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Floods
Introduction
Siletz River Flood (1999)
DLCD Natural Hazards program serves as the state´s coordinating agency for the National Flood Insurance Program (NFIP) through an agreement with the Federal Emergency Management Agency (FEMA). Oregon has 258 cities and counties that are subject to flooding, and all participate in the NFIP thereby making flood insurance available to their residents and businesses.
 
The NFIP has three basic components: - flood hazard mapping, floodplain insurance, and floodplain regulations. Does the combination of mapping, regulations, and insurance work to reduce flood damages? Yes, according to FEMA, flood insurance provides an alternative to publicly funded disaster assistance that reduces the ever escalating costs of repairing damage to buildings and their contents caused by floods. FEMA further reports that flood damages are reduced by nearly $1 billion a year nationally through communities implementing sound floodplain management requirements and property owners purchasing flood insurance. Newer buildings constructed in compliance with floodplain regulations suffer approximately 80 percent less damage annually than those not built to current standards.
 
SOURCES:
 
Another NFIP analysis showed that only 2% of NFIP claims examined were for new buildings constructed after communities received their flood maps and adopted their flood damage prevention ordinances, i.e., 98% of the losses were to buildings that pre-dated community based floodplain management. Other studies have shown that the majority of new residential and other development is now directed away from areas subject to flood hazard areas thereby protecting life and property.
 
For more information about floodplain mapping, floodplain insurance, and floodplain regulations, continue searching this section of the Department’s website and/or visit the FEMA website at (http://fema.gov/business/nfip)

The Value of Floodplains
The floodplain is the area susceptible to inundation by flood waters. Under the NFIP, the "100-year" floodplain is commonly referred to and includes the area that would be inundated by a flood having a 1% chance of occurring in any given year. A "100-year" flood can occur during any given year if conditions are right.
 
Floodplains perform a variety of functions and in the process prove valuable to both humans and fish and wildlife species. Important functions of your community floodplain might include all of the following: flood water storage, water quality maintenance, fish and wildlife habitat, and recreation/open space. What happens in your community’s floodplain can have impacts to human uses and natural resources within your community as well as in areas located downstream.
 
In terms of the natural environment, floodplains include important habitat areas such as river channels, the water's edge, riparian buffers, wetlands, and upland areas adjoining flood-prone areas. The variety of habitat types, the presence of water, and other factors generally result in a rich diversity of plant and animal species within floodplains. (This of course may no longer be the case in highly developed floodplains.) And it is the hydrological and geological characteristics of the floodplain that largely shape the type and location of various habitat types. Many of the plant and animal species found in floodplain habitats are adapted to specific soil, nutrient, and water conditions. Additionally, vegetation that grows in the floodplain helps determine how water flows across the land and can play a major role in controlling erosion and sediment deposition.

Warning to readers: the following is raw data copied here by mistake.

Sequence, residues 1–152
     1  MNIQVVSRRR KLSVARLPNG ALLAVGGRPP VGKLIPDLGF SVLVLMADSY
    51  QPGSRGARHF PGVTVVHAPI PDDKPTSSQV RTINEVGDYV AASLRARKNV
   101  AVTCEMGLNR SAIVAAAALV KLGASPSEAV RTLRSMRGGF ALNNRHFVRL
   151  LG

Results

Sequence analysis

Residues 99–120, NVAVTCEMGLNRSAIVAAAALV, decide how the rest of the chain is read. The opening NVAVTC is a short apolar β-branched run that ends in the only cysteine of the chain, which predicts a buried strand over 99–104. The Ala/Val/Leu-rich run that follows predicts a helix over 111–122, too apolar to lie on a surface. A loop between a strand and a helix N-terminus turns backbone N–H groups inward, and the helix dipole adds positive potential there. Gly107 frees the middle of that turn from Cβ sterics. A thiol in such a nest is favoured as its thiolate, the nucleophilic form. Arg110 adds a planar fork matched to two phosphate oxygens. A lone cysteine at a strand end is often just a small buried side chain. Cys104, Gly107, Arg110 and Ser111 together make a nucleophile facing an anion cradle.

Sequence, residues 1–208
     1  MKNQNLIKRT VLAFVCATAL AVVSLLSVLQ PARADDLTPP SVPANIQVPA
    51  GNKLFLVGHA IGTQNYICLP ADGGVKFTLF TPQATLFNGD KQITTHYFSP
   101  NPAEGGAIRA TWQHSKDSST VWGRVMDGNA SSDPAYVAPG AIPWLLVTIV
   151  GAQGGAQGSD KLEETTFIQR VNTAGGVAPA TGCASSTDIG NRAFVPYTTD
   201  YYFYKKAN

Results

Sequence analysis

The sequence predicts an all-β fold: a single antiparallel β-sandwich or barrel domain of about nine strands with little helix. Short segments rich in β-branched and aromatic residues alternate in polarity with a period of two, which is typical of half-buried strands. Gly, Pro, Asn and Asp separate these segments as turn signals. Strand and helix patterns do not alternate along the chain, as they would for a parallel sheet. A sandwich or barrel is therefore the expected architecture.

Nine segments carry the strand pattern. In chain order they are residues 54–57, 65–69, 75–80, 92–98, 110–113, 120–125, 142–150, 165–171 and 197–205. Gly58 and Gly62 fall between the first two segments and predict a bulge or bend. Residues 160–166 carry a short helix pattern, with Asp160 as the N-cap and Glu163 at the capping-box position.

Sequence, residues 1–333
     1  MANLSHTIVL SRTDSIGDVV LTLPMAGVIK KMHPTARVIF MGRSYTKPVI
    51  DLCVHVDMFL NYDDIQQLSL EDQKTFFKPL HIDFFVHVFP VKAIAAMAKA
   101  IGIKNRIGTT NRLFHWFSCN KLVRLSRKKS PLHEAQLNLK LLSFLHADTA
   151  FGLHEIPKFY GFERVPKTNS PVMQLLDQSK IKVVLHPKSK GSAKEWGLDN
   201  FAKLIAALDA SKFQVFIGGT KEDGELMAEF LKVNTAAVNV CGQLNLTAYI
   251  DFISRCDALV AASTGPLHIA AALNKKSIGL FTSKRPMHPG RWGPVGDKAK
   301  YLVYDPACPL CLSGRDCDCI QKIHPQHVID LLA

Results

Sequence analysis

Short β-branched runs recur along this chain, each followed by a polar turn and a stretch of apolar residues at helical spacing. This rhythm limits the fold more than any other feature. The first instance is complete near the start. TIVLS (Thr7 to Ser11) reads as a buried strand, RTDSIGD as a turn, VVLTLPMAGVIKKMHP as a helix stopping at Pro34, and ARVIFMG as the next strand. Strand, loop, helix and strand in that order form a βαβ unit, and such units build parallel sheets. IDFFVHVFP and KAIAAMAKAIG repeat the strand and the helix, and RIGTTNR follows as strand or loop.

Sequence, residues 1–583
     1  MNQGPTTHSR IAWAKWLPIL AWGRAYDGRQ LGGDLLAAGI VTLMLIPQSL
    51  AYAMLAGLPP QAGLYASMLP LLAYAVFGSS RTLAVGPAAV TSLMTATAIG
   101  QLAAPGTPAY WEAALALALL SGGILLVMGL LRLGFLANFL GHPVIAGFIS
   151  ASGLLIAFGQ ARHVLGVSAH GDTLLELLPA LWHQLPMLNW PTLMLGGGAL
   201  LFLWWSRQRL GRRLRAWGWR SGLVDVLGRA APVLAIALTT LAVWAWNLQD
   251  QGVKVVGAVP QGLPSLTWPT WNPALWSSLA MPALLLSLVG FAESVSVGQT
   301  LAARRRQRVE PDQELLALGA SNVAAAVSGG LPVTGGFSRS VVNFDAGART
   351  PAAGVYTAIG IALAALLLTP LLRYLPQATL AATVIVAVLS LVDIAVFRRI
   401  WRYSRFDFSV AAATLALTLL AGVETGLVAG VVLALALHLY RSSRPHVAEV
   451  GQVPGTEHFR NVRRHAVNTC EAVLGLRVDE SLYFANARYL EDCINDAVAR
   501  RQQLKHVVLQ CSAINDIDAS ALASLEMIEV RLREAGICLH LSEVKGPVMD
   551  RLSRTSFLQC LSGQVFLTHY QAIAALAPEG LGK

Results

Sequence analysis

Did you know that flooding is extremely important to the maintenance and biological richness of floodplain ecosystems? For more information about the natural values of floodplains, check out the publication "Protecting Floodplain Resources: A Guidebook For Communities"  by FEMA’s Federal Interagency Floodplain Management Task Force, 2nd Edition - June 1996.

Floodplain Management
Floodplain management aims to reduce flood losses to life and property while simultaneously protecting the natural resources and functions of floodplains. Development within floodplains is generally not prohibited, but floodplain management involves regulatory, construction, and public education measures designed to avoid and minimize potential risk to development from flood hazards. Floodplain management also entails implementation of mitigation measures or, in other words, specific actions that can be taken to prevent future damages and threats to human life and public health.
 
Oregonians will continue to make use of floodplains for a variety of purposes. Floodplain management involves recognition that our use of floodplains can negatively impact floodplain functions and that communities will be faced with making choices about land uses in the floodplain. Loss of important floodplain functions, for example flood storage capacity or habitat diversity, is a concern for DLCD and should be a concern for community leaders as well as affected citizens. In some cases, community choices may be limited by past development patterns and other land-use decisions. But hopefully, current decision-making under local floodplain management programs will include adequate consideration and understanding of the potential consequences of altering floodplain functions.
 
DLCD’s site provides floodplain management information specifically designed for property owners, developers, and local governments but should also serve the general public. The topics addressed here have been selected based on the NFIP questions that the department is most frequently asked. If your question is not answered here, then please contact the department so that we can assist you.
 
http://www.fema.gov/plan/prevent/floodplain/index.shtm
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